Subsistence Kayaking VI

 Fredrik Norrsell
This squirrel was busy dropping cones on our tent all night, and caching them for the coming winter.
 Fredrik Norrsell
One of the squirrels many food caches.
 Fredrik Norrsell
Nancy with a nice Chanterelle harvest.
 Fredrik Norrsell
All the wildlife were fattening up for the winter, including this Brown Bear sow and her 2 cubs.
 Fredrik Norrsell
A big plate with pan-fried Silver Salmon, Chanterelles and Beach Asparagus. A great late summer treat.
 Fredrik Norrsell
Found amazing tide pools full of anemones, sponges, and limpets.
 Fredrik Norrsell
Sunset in Chatham Strait.
 Fredrik Norrsell
We got winded in and camped a few miles short of Angoon on our last night. Awoke during the night to this spectacular Aurora and the sound of a breaching Humpback Whale.
 Fredrik Norrsell
Leaving Angoon on the ferry.
 Fredrik Norrsell
A spectacular last sunset, as we were heading north towards Haines on the ferry.

Subsistence Kayaking V

Finally back for the last entries about last summer. Held off publish some images since some publications wanted to buy first time rights. More to come.

 Fredrik Norrsell
A stack of rock fish fillets.
 Fredrik Norrsell
Nancy cleaning rockfish. Rock fish was a stable in our diet, and our favorite meal.
 Fredrik Norrsell
Weather turned wonderful for the last 10 days of our trip with many stunning sunrises and sunsets.
 Fredrik Norrsell
Shorebirds were abundant at the end of the summer, as the fall migration had begun.
 Fredrik Norrsell
The small town of Baranof. Hotsprings and a great friendly community. What else can you wish for.
 Fredrik Norrsell
A sleeping Stellar Sealion.
 Fredrik Norrsell
We watched this bubble-net feeding Humpback whale for well over 1 hour.
 Fredrik Norrsell
The humpback whale coming up close for a breath.
 Fredrik Norrsell
Anemone in a tidepool.
 Fredrik Norrsell
As we crossed Chatham Straight the weather detoriated and heavy rain started.

Subsistence Kayaking – IV

After Goddard Hot Springs we turned back north past Sitka, through Sergius Narrows to Hoonah Sound. As we returned into a more sheltered environment we found a larger variety of beach greens and they were more abundant.

 Fredrik Norrsell
Wild crabapples were flavorful, but time consuming to collect and process.
 Fredrik Norrsell
Thimbleberries didn’t grow along the outer coast. As we returned to the inner channels (Hoonah Sound) we found the last delicious berries of the season.
 Fredrik Norrsell
Fishing for salmon continued to be poor but we caught a few pinks. Learned later from ADFG biologist that the fish had gone straight up the streams as rains and high stream flows arrived the same time as the salmon. Here we are eating salmon, beach asparagus, and hedgehog mushrooms.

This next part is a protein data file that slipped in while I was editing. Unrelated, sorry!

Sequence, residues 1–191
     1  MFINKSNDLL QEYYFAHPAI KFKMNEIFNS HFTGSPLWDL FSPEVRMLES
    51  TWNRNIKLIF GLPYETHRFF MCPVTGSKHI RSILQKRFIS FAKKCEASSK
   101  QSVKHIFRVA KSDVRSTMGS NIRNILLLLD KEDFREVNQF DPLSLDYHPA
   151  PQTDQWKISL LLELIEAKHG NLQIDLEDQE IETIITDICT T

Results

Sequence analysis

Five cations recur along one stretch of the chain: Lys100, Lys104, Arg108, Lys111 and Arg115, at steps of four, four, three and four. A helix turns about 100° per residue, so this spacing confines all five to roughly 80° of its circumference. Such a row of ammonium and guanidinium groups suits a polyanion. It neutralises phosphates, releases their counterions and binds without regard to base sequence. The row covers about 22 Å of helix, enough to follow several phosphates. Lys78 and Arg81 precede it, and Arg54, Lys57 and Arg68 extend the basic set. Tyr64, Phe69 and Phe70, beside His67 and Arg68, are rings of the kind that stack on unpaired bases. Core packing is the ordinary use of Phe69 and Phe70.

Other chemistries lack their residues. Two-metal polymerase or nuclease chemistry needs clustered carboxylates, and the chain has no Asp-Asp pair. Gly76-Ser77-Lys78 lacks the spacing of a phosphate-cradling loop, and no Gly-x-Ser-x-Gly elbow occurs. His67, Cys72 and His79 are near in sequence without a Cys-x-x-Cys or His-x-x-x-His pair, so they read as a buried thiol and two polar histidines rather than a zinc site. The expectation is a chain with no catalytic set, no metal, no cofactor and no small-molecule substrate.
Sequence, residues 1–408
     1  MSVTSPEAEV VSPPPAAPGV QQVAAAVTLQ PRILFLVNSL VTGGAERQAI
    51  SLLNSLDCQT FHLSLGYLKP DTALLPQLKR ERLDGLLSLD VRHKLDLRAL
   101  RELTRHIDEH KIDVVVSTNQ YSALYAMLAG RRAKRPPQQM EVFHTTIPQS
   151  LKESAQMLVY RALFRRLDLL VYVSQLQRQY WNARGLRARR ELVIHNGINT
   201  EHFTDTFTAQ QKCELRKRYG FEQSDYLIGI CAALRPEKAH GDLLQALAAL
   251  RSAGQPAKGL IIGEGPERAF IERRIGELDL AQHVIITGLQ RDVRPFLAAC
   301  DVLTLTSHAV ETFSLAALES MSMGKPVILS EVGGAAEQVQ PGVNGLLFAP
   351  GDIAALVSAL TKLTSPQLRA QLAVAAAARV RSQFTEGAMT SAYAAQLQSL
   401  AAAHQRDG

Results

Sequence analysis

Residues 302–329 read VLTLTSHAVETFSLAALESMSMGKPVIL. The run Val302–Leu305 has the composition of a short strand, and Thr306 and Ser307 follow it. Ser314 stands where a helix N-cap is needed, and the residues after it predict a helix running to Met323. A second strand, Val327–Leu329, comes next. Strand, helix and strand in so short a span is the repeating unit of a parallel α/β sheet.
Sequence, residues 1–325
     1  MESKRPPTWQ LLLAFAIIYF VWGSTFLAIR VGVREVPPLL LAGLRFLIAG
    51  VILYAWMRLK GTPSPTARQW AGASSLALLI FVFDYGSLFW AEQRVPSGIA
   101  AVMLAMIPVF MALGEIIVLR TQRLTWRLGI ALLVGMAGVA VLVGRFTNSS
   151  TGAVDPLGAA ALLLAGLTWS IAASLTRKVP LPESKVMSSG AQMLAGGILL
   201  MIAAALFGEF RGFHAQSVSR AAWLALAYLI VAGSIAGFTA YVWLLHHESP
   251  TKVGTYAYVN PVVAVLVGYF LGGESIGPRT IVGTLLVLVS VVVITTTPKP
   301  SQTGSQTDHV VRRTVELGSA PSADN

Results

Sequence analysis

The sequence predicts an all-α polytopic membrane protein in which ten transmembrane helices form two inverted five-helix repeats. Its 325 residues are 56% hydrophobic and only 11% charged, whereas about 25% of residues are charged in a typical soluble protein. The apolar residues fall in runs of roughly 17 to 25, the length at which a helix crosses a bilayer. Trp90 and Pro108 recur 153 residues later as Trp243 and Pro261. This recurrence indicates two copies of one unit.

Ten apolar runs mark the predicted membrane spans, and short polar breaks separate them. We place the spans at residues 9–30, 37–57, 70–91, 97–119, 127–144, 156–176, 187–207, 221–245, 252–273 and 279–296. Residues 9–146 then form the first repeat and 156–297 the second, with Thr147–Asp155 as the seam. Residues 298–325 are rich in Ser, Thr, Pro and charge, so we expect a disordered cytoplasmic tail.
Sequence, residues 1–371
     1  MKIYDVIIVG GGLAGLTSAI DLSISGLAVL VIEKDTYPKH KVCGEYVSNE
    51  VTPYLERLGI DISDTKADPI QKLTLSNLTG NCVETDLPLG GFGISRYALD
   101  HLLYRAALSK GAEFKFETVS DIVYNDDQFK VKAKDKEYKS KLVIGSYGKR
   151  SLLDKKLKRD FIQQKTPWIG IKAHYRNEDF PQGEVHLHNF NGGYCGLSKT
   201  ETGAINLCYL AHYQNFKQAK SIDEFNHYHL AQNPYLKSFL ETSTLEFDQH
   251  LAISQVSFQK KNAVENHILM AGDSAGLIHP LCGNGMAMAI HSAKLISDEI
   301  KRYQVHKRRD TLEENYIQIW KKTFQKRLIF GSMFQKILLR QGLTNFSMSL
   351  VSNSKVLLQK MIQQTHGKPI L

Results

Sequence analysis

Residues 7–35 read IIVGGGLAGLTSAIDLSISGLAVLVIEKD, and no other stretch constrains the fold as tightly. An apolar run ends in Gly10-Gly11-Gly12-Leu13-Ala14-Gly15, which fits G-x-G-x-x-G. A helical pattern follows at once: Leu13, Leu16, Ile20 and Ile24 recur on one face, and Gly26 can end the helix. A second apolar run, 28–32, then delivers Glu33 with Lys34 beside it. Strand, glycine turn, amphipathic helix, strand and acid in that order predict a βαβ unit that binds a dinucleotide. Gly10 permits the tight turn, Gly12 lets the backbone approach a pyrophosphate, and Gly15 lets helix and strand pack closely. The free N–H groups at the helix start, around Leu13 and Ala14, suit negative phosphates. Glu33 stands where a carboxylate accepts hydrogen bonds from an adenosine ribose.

Fredrik Norrsell
Found great crabbing in Hoonah Sound. What a tasty threat.
 Fredrik Norrsell
A flock of Common Mergansers in morning fog. It was nice to find calmer sea conditions in Hoonah Sound after all our time on the outer coast.
 Fredrik Norrsell
We really liked the ocean in Hoonah Sound but it was sad to see how heavily logged the forest had been.
 Fredrik Norrsell
Recent clearcuts in Hoonah Sound.

Porcupine Caribou Herd

I’m back from guiding a trip in Arctic National Wildlife Refuge, for Arctic Wild which provided incredible support for the clients and me so that we could find the Porcupine Caribou Herd out on the coastal plain. But first we found an incredible rich birdlife. Next to our tents we had this amazing Ruddy Turnstone.FNO_052431


It had a nest with two eggs, out in the middle of the coastal plain. This photograph with a wide-angle lens captures the space that surrounds it.


Finding a large herd of Caribou wasn’t an easy task as they roamed across the plain. But one evening at about midnight we found a group with several thousand Caribou. Yes -they are out there as tiny dots.


The next day we found them again after a challenging river crossing and 2 mile walk across the wet tundra of sedge grasses.


There group spread out for over a mile grazing on the sedge grass, I estimate that there were 20-thousand Caribou, but who knows. I couldn’t count that far, among the constantly moving herd of Caribou.


A curious calf came up to inspect us with its mom in tow. Only a few weeks old they were running across the tundra at amazing speeds.

Cordova Shorebirds 2015

Cordova Shorebird festival was once again a great flurry of life after a long Alaska winter. Heavy rain, grey sky and strong wind didn’t dampen the spirits of birds, bird watchers and photographers, which all braved the elements with enthusiasm.


As the storm subsided I flew out to Hitchinbrook Island to explore what was out there. With me was my wife Nancy and my dad Olof an avid birder which came over from Sweden to experience the shorebird migration. We found a lot less people and shorebirds but much else such as Harlequin Ducks, Oyster Catchers, Stellar Sea Lion, breaching Humpback whales, Brown Bears, and a beautiful Sitka Spruce forest


I still came away with many great photographs of Semipalmated Plover which preferred to feed at the edge of the surf on the beach.